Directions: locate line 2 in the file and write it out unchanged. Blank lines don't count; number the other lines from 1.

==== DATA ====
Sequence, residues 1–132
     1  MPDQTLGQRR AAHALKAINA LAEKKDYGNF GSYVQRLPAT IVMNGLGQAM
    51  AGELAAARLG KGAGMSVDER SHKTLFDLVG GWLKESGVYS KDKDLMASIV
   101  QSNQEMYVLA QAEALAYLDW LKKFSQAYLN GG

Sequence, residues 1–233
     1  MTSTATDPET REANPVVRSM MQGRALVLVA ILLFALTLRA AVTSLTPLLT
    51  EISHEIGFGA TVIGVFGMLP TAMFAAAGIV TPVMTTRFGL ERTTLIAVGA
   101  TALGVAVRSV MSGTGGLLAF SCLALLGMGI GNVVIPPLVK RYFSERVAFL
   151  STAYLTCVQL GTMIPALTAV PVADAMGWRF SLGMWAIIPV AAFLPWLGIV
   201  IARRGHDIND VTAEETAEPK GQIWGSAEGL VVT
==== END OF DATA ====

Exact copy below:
     1  MPDQTLGQRR AAHALKAINA LAEKKDYGNF GSYVQRLPAT IVMNGLGQAM